Margam Abbey
Margam Abbey
Founded in 1147 under the patronage of Robert of Gloucester, Margam at one time possessed over 18,000 acres. Some of the abbey buildings, including the church, have now been incorporated into a large country park, part of Margam Castle.
History of Margam Abbey
Once the richest and most powerful monastery in Wales, Margam was founded in 1147 by Robert Consul, the Earl of Gloucester and Lord of Glamorgan. Margam was a daughter house of Clairvaux, in France, and monks from Clairvaux were sent across the Channel to begin the abbey. The Earl's original gift includd 18,000 acres of land, but the monks of Margam gradually acquired estates along the south Wales coast.

The abbey building was complete by 1180, but only 20 years later the east end of the abbey church was completely rebuilt in Early English style. Surviving from that 1200 rebuilding are the east end of the current church, the roofless chapter house, and parts of the east range.

The abbey entrance
The abbey church entrance
By 1336 there were 38 monks and 40 lay brothers at Margam, but the abbey, like much of Glamorgan, suffered during Owain Glyndwr's rebellion, and by 1412 the monks and abbot were recorded as wandering like vagabonds. By the time Margam was dissolved in 1536 there were just 9 monks left. The monastic site was granted to Sir Rice Mansel of Oxwich, and fortunately the nave of the abbey church was spared, to be used by the parish. Sir Rice built a new house at the east end of the church near the site of the chapter house ruins.

The Abbey Church
The church at Margam is remarkable in that so much of the 12th century abbey nave has survived, and it is among the best examples of the Cistercian ideal in Britain. Most of the original west front is intact, with its central circular window and striking corner towers, though the upper section of the nave walls are not original, nor are the aisles. The nave arcades are supported on rectangular piers, creating a very austere and simple style in accordance with early Cistercian values. By contrast the west front looks almost Italianate, making you wonder at first glance if it is really medieval at all. The west door, with its nicely carved capitals, is original, as are three large lancet window above it.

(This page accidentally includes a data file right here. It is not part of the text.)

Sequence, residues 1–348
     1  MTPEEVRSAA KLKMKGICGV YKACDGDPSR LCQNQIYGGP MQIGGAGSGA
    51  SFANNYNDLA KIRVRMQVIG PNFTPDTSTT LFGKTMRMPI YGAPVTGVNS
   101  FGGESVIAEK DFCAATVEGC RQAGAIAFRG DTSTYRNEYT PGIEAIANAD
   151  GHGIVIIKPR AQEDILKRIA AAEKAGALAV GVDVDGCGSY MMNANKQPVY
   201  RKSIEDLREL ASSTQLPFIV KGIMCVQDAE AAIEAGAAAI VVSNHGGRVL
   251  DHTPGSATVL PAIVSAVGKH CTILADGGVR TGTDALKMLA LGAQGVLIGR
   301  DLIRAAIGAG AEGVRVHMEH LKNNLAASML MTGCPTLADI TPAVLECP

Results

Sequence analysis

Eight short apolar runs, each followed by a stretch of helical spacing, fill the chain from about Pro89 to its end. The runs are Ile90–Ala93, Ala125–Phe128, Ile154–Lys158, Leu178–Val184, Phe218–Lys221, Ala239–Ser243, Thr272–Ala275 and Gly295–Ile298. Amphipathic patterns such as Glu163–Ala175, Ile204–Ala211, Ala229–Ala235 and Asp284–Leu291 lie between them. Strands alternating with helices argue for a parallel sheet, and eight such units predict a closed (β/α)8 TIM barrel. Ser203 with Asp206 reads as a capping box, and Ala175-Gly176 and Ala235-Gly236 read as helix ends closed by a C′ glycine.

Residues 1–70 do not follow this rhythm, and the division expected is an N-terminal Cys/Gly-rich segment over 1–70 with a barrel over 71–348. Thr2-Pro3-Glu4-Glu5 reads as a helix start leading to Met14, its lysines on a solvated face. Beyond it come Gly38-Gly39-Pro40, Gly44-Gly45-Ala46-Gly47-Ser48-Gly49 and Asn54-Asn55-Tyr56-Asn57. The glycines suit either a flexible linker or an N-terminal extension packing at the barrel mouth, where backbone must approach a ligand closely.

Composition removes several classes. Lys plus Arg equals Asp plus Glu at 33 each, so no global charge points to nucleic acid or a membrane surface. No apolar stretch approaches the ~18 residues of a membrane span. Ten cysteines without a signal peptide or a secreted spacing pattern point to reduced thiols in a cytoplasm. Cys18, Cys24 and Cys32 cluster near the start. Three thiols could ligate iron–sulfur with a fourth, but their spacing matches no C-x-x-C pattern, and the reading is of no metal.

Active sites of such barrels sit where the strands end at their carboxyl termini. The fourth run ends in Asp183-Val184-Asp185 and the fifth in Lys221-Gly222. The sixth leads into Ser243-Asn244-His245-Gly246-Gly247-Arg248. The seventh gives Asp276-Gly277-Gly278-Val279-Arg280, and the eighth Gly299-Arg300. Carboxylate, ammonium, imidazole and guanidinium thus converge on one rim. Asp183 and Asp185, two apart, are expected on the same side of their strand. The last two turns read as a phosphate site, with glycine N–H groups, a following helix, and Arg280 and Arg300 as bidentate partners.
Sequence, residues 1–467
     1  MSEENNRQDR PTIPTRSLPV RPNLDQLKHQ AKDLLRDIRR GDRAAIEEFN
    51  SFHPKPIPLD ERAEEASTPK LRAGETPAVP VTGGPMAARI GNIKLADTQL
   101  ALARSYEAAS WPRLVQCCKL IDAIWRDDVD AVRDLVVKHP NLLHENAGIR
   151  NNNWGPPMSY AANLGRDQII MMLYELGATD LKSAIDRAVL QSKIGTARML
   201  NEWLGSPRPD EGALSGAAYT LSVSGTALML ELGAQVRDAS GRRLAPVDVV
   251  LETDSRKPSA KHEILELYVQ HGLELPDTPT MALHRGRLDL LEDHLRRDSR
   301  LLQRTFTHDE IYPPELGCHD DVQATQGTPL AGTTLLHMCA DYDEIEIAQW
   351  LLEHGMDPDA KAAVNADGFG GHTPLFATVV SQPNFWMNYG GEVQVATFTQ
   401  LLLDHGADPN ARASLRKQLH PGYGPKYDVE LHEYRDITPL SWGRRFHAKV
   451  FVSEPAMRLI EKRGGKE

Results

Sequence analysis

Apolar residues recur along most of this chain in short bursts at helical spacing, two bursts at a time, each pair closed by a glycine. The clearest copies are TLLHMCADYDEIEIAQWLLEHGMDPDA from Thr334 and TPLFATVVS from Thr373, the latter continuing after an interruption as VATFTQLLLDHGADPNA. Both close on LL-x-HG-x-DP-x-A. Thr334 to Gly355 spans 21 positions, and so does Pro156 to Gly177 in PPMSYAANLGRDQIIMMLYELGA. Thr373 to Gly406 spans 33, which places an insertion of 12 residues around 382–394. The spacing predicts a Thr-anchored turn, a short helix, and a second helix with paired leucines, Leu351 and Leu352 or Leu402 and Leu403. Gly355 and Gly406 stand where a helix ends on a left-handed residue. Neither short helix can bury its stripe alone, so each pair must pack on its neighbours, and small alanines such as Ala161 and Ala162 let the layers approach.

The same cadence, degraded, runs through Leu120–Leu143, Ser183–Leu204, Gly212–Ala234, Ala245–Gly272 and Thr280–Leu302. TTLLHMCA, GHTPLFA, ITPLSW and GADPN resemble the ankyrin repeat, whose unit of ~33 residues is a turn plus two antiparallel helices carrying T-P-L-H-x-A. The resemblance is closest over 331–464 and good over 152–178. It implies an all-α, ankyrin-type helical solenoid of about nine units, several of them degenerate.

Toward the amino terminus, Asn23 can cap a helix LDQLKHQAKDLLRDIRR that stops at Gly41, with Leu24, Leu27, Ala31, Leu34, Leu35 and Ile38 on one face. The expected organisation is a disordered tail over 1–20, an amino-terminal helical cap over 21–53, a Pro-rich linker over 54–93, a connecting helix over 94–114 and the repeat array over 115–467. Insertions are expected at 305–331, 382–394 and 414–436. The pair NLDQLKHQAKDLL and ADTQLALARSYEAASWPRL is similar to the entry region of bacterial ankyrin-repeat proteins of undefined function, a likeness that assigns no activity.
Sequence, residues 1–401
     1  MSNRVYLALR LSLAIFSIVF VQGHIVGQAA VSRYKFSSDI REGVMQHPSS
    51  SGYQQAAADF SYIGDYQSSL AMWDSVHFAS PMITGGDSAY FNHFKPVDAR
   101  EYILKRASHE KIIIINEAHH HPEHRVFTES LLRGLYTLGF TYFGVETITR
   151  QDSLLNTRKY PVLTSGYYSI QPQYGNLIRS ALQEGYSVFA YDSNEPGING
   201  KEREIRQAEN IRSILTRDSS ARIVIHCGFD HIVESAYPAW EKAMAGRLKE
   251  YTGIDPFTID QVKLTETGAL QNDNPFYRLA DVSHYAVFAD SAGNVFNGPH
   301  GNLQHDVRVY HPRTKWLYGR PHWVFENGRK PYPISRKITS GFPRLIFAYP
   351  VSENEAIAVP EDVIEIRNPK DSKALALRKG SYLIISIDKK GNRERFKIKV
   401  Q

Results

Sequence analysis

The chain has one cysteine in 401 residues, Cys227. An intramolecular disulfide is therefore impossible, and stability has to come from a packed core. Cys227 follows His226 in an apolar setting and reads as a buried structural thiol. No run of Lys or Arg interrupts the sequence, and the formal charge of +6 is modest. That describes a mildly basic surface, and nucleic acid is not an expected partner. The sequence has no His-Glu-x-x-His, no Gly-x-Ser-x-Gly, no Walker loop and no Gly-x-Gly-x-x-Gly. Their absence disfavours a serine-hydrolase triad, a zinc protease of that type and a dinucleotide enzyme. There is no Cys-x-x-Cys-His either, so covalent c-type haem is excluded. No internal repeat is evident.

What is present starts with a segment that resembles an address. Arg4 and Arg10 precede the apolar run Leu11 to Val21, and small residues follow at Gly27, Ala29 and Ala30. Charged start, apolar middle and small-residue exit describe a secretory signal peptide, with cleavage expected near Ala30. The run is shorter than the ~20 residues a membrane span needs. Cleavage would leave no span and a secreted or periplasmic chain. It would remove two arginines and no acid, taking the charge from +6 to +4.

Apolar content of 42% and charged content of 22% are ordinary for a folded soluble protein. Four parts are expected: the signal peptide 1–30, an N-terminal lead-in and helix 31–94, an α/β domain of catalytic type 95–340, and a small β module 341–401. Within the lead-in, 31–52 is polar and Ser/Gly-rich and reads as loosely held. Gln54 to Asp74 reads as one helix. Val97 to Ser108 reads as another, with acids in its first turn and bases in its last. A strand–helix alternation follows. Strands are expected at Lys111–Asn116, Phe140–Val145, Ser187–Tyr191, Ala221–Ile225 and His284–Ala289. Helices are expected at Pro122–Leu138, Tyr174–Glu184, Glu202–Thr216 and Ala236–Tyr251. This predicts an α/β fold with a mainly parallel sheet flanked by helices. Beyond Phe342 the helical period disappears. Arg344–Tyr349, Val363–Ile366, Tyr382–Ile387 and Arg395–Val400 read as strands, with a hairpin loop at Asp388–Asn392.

Much of the church furnishings are the result of a Victorian restoration under the patronage of Theodore Rice Talbot of Margam Castle. Talbot commissioned Edward Burne-Jones to design 3 windows for the west wall, which were made by the William Morris Company.

The west door
The west door
West door capitals
West door capitals
The church nave
The church nave


Mansel Chapel
In the south east corner of the church is the Mansel Chapel, housing tombs to generation of the Mansel family of Margam. At the centre of the chapel are four large table tombs made of alabaster, commemorationg owners of Margam after the Dissolution. These are among the finest Reformation tombs in Wales, a testament to the wealth and social standing enjoyed by the Mansel family. Each tomb shows the male in full armour, his wife in domestic robes of the time. The carving detail is exceptional, giving a very good idea of the clothing styles.

The oldest of these alabaster tombs is to Sir Rice Mansel (1487-1559). Next is that of Sir Edward Mansel (d. 1585) and his son, Sir Thomas (d. 1631). The final table tomb is to Sir Lewis Mansel (d. 1638), who was married to Elizabeth, daughter of the Earl of Manchester. The walls of the chapel have lovely mural tablets, not quite so elaborate as the alabaster tombs, but still very impressive. These include Sir Rawley (or Rawleigh) Bussey (d. 1623).

MANSEL CHAPEL IMAGES
The Mansel Chapel
The Mansel Chapel
Sir Edward Mansel tomb (1585)
Sir Edward Mansel tomb (1585)
Lewis Mansel effigy
Lewis Mansel effigy (1638)
Sir Rawleigh Bussey (1623)
Sir Rawleigh Bussey (1623)


In the opposite corner of the church, behind the oversized organ (inserted by Christopher Rice Mansel in 1866 for the wedding of his daughter Bertha), there are further memorials. This area is usually locked, but we struck up a conversation with the volunteer attendant and he very kindly asked if we'd like to see the tombs. Of course!

On the wall is a monument to Sir Christopher (d. 1890), Lord Lieutenant of Glamorgan and the builder of Margam Castle on the hill overlooking the abbey site. In the centre of the chamber, and stretching almost to the ceiling, is a grandiose monument to Theodore Mansel, Christopher's son, who died of a foxhunting accident in 1876. The monument looks remarkably like the shrine of a medieval saint. Compare it, for example, to the shrine of St Alban in St Alban's Cathedral.

MORE MANSEL TOMBS
Christopher Rice Mansel Talbot memorial
Christopher Rice Mansel memorial
Theodore Mansel memorial
Theodore Mansel memorial
Mansel Talbot family memorial
Mansel Talbot family memorial


The Abbey Ruins
In the country park, and accessed through the south aisle of the abbey church, are the ruins of the monastic chapter house and fragmentary walls of the east range. The chapter house is architecturally stunning, built with 12 sides, about 50 feet in diameter, about 1200. It was lit by tall lancet windows, and the roof was supported by a single, central cluster of slender shafts rising like a tree spreading its branches.

Arches in the chapter house
Arches in the chapter house
Looking into the chapter house
Looking into the
chapter house


Margam Stones Museum
At the far north western end of the abbey churchyard is the Margam Stones Museum, where you can view some wonderful carved Celtic stones gathered in the area, some inscribed with Ogham. The best relic is the Cross of Conbelin, a 10th century disc-headed cross.

It is amazing that Margam is not better known; the quality of the 12th and 13th century architecture bears comparison with many more famous Cistercian churches and monasteries in England.